NEW YORK (CNN/Money) -
I don't have the time or knowledge to pick and manage my investments, and I don't want to pay someone to do that for me. Would putting my money in index funds be the best move for a person in my position?
-- Tony Beck, Dallas, Texas
Not only do I think index funds -- essentially, portfolios that track a benchmark or index rather than try to beat it as actively managed funds do -- would be an excellent choice for someone in your position, I think they'd also be an excellent choice for all those investors out there who think they know a lot about picking stocks and mutual funds but in reality don't know half as much as they think they know.
In fact, I think this second group might benefit even more from index funds since their overconfidence can lead them to make costly gaffes.
Why an index fund?
Okay, so why am I such a fan of index funds? Well, for one thing they're cheap. Expense ratios for stock mutual funds average about 1.4 percent of assets a year. Most index funds charge less than half that amount, and some charge as little as 0.18 percent. Lower expenses mean you get to keep more of the fund's return.
And since index funds buy and hold the securities of the benchmark they're tracking rather than frenetically buy and sell securities like most funds, they tend to be more tax efficient -- that is, they generate fewer taxable distributions, which raises your after-tax rate of return.
It doesn't hurt that over long periods they tend to outperform the majority of actively managed funds, largely the result of their lower fees and transaction costs.
Oh, and I also like them because they make life simple. I don't know about you, but I've got a life beyond my investment portfolio. If there's a way to invest that offers low costs and competitive returns and frees up for really important pursuits like spending time with my family and listening to Elvis tunes (Presley and Costello), I don't need much convincing to take advantage of it.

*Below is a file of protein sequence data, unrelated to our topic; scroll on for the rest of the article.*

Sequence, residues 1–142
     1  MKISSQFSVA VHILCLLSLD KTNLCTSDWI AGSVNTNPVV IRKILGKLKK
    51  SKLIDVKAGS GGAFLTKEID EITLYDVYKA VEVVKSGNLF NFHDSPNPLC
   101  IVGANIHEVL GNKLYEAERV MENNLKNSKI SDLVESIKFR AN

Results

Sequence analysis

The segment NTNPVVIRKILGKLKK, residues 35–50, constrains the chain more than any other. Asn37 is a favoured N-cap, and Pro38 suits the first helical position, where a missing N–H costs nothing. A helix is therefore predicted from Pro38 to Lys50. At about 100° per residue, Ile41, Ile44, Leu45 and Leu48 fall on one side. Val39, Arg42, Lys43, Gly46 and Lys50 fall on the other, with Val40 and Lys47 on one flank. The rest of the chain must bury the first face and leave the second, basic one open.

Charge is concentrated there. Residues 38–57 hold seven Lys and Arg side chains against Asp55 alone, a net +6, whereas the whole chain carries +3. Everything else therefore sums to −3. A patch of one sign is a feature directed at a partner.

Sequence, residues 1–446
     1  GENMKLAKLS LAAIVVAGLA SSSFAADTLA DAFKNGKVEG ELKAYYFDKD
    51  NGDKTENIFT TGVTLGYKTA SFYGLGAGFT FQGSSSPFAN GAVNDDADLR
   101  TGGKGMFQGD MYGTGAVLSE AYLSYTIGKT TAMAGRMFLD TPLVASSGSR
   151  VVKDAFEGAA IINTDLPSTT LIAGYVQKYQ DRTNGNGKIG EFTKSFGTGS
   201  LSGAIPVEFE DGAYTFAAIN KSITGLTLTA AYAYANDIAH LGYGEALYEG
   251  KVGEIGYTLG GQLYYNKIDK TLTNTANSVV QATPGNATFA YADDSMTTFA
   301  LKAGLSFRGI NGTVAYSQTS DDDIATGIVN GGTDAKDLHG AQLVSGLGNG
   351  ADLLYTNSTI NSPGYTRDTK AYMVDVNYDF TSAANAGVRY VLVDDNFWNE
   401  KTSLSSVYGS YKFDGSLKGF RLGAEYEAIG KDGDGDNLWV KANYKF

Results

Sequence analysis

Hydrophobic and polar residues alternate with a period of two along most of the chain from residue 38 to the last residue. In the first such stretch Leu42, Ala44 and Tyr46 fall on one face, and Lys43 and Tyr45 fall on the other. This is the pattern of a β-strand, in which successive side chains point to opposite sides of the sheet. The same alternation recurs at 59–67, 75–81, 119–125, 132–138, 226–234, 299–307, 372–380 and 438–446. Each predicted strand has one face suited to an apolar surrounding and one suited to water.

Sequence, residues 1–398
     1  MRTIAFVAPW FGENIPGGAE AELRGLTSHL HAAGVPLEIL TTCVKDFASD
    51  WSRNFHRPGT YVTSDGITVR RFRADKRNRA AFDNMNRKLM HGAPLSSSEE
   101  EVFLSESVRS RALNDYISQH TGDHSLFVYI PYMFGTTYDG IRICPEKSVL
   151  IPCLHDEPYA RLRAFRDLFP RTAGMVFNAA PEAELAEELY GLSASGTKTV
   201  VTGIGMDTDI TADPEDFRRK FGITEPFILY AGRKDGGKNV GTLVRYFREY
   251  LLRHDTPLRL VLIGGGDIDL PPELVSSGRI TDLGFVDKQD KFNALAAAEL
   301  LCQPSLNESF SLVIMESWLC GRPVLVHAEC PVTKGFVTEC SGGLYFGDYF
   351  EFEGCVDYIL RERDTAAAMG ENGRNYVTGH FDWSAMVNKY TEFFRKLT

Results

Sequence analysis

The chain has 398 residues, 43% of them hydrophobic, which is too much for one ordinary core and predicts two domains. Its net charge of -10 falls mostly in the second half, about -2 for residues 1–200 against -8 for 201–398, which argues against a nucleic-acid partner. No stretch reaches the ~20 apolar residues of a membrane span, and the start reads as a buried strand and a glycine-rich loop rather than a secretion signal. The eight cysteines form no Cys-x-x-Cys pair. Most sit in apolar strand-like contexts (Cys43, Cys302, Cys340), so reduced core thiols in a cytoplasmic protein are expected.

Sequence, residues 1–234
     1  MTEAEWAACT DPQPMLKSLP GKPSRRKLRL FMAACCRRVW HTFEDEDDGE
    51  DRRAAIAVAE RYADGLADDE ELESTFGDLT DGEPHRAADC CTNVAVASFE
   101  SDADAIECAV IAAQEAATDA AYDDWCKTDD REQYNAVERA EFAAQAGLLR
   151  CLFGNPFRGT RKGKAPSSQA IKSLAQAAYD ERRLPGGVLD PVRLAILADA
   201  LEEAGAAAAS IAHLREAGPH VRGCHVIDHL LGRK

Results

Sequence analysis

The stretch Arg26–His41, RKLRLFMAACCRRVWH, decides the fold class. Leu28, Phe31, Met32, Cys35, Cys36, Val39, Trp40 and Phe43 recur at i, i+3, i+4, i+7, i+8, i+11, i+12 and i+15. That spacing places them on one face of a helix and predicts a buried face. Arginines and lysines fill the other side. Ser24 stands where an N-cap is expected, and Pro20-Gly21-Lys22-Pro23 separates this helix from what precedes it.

Don't fly totally on automatic
Remember, though, that going the index fund route doesn't totally free you from having to make decisions. There are funds out there that track dozens of different indexes, ranging from ones that follow the entire U.S. stock market like the Wilshire 5000 to ones that mirror only a small portion of the market, like the Russell 2000 index of small stocks or even specialized indexes of market sectors like retail or semiconductors. For some guidance on sifting through various index funds, click here.
And investing in indexes also doesn't absolve you from dealing with the most important aspect of investing -- namely, setting your asset allocation.
Indeed, the way you divvy up your portfolio among asset classes such as stocks, bonds and cash will likely have the biggest impact on how your portfolio performs. For guidance on this critical issue, I suggest you visit our Asset Allocation calculator.
One final note: as big a fan of index funds that I am, I'm not such a zealot that I don't think investors should ever own actively managed funds. I prefer index funds as core holdings, but actively managed funds can certainly play a valuable role in investors' portfolios as well. They just require a little more care and feeding.
Walter Updegrave is a senior editor at MONEY Magazine and is the author of "Investing for the Financially Challenged." He can be seen regularly Monday mornings at 7:40 am on CNNfn.